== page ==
Against the overbearing mechanisms of industrial capitalist society intended to cement landscape as a timeless or innocent backdrop to our lives, a growing diversity of concerned voices have advocated redefining landscape in the context of ideology, identity, visual representation, and power. This oppositional chorus seeks to clarify the embedded specters of violence, oppression and injustice, while also unpacking how the process of meaning-making in such spaces has often prioritized specific narratives and interpretations while concealing others.
These critical approaches scaffold Pained Vistas, a group exhibition of photography and video at Photographic Center Northwest in Seattle. The eleven artists present works that wrestle with the visual medium’s fraught relationship to landscape representation, as well as the tightrope walk of how to reference occluded traumas despite the camera’s inherent tendency to aestheticize what it records.
Selena Kearney’s Home or Exile (2019) sets a tone for launching into this fray. The photograph gives an elevated vantage point over a sweeping array of rugged hills in the foreground, beyond which a flat plateau stretches toward a distant mountain range. Despite the clearly pronounced horizon line, a vast, puffy-clouded blue sky dominates the majority of the image. The location is perhaps somewhere in the North American West, but its anonymity leaves the viewer to fill in the blanks. This ambiguity prompts us to sit with our own preconceptions about the landscape: how do we read this scene, what assumptions do we project onto it, and where do those assumptions come from? Through both the image and an adjacent wall text, Kearney also encourages us to reflect on the meanings of “home” and “exile,” and especially the lasting consequences of establishing one’s home through dispossessing someone else of theirs.
On a nearby wall, selections from Kris Graves’s project Privileged Mediocrity & The Deceived Within (2020) examine various scars of systemic injustice and racism in the US, including documentation of recent Black-led contestations of Confederate memorials. Together with Wendel White’s rendering of the traces of educational apartheid in his series Schools for the Colored, the two artists deliver a potent perspective on the built environment.
Graves’s image Stone Mountain Confederate Monument, Georgia (2020) brings viewers up close with the supersized etching in the mountainside and its adulation of white supremacy culture—reminding us that monuments ultimately traffic in the politics of public memory and are means for power structures to dictate histories.
Some of the exhibited artists take a rather straightforward approach to landscape imagery, almost as if they were simply vacation snapshots or postcards. Which isn’t to say that these images lack artistic merit; if anything, they reproduce the vernacular in order to undermine it, gesturing to the shared critique that these seemingly benign scenes are rife with obscured sociopolitical complications. Still, questions remain about what is always left outside of the frame, how to leverage a critique with the tools and idiosyncrasies of the medium, and how to reconcile these images with the weight of the traumas they seek to convey—some of which are made available to the viewer through titles or didactics, while others are left unspoken. This isn’t necessarily to blame the artists, but rather to echo a conundrum within photography that is difficult to resolve.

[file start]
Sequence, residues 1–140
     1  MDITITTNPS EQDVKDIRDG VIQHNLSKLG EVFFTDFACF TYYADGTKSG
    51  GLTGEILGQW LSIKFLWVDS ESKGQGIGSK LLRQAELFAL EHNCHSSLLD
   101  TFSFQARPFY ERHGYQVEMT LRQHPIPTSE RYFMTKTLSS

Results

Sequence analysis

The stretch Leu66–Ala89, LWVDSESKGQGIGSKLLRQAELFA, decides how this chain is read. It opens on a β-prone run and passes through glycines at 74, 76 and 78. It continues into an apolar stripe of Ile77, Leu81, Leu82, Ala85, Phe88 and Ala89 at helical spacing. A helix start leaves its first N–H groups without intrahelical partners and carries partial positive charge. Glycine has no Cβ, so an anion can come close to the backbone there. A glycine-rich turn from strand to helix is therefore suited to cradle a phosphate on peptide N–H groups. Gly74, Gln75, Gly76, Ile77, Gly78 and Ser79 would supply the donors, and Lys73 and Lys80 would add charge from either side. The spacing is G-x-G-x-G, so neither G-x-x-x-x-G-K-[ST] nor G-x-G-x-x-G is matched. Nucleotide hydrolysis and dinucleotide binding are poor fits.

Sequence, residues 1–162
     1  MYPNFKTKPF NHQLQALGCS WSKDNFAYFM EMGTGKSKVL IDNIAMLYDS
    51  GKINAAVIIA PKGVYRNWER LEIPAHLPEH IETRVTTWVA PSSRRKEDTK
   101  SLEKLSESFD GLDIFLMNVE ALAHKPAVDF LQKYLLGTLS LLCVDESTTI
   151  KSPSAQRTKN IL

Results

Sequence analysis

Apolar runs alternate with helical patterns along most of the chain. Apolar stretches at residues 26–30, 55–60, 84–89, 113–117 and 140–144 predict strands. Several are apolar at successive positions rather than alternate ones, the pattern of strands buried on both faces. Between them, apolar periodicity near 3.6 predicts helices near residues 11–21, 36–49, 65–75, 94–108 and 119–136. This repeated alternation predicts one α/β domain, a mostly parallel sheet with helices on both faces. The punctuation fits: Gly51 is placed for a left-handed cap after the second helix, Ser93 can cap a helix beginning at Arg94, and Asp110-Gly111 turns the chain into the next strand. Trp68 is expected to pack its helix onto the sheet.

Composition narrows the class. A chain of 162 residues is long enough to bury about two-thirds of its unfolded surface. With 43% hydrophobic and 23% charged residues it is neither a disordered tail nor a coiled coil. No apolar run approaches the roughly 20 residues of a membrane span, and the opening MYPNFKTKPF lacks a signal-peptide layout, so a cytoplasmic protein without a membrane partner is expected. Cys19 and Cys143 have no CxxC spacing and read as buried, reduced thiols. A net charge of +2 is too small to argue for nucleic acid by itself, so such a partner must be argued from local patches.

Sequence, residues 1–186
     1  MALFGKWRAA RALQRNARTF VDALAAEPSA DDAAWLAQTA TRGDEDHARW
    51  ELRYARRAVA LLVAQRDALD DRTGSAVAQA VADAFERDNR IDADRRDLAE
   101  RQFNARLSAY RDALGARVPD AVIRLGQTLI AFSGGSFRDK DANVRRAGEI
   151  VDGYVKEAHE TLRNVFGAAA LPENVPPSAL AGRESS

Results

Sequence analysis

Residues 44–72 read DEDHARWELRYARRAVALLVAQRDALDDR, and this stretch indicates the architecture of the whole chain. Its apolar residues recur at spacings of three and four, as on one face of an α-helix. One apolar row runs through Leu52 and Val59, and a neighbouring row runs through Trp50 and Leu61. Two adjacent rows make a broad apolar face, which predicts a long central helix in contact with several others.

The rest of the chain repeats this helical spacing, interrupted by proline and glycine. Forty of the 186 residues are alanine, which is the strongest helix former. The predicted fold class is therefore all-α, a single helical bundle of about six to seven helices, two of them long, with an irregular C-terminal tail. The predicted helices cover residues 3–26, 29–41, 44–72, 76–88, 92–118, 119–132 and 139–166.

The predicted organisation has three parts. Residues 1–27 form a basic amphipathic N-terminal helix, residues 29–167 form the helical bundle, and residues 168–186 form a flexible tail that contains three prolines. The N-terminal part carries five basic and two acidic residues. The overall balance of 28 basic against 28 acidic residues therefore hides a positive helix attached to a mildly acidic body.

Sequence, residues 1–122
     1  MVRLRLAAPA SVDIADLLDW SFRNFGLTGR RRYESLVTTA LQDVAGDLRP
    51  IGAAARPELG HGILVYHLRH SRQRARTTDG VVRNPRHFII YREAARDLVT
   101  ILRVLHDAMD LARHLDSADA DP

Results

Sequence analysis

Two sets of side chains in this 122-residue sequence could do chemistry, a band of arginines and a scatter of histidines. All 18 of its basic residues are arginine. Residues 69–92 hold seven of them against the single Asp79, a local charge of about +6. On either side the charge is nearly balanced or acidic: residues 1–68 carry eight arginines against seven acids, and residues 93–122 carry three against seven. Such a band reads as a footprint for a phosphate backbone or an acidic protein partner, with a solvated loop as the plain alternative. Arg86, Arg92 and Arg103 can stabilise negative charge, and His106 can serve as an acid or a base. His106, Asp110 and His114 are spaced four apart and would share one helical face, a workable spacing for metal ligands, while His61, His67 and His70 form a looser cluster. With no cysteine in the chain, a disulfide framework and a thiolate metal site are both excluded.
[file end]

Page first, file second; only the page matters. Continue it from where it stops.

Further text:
Many artists crafted technically and aesthetically pristine works, with compelling formal choices and alluring use of color, such as the soft palette and ethereal gloom of Marc Wilson’s images of Holocaust sites across Europe, or the painterly dapples of light and shadow in Griselda San Martin’s photographs of separated families briefly sharing intimate space together through sections of the border wall between Tijuana and San Diego. Donna Wan’s photographs directly interrogate aesthetic conventions by detailing locations of sublime natural beauty that are also frequent spots for suicide attempts. There is a lingering risk of romanticizing these circumstances, but Wan’s images ask a relevant, if not troubling question about how our aesthetic preferences are culturally coded. Meanwhile, elements of Yazan Khalili’s photographs contribute a degree of anti-aesthetic argument to the exhibition. Instead of scenes perfectly composed in dazzling light, the Palestinian artist created a pair of semi-grainy nighttime landscapes where the emphasis is on darkness, visibility and invisibility, and reclaiming space amidst the Israeli occupation of the West Bank. Stemming from Khalili’s specific embodied experience, it attests to the affective components of landscape as well as the importance of situated knowledge.
Kiliii Yuyan epitomizes these notions further through stories of Indigenous communities in the Arctic. His image Confluence (2016) shows the aftermath from an Alaskan Iñupiaq harvest of a bowhead whale, as the animal’s blood washes across the sea ice. The harvest provides sustenance and carries on the traditional stewardship that Iñupiaq peoples have practiced for millenia. Informed by ancestry that is both Nanai/Hèzhé (East Asian Indigenous) and Chinese-American, Yuyan’s photographs proclaim the continuity of Indigenous pathways and how their communities thrive in the present and future.
To the extent that each artist’s personal experience and individual subjectivity animate the work, their situated knowledges join together to assert an oppositional gaze to the increasingly irrelevant Eurocentric landscape lexicon. Only by embracing such cogent counter-narratives and moving beyond the merely-aesthetic or merely-visual can we begin to effectively grapple with, and ultimately heal, the scars that these photographs reveal.
Photographic Center Northwest
January 13 – March 17, 2022
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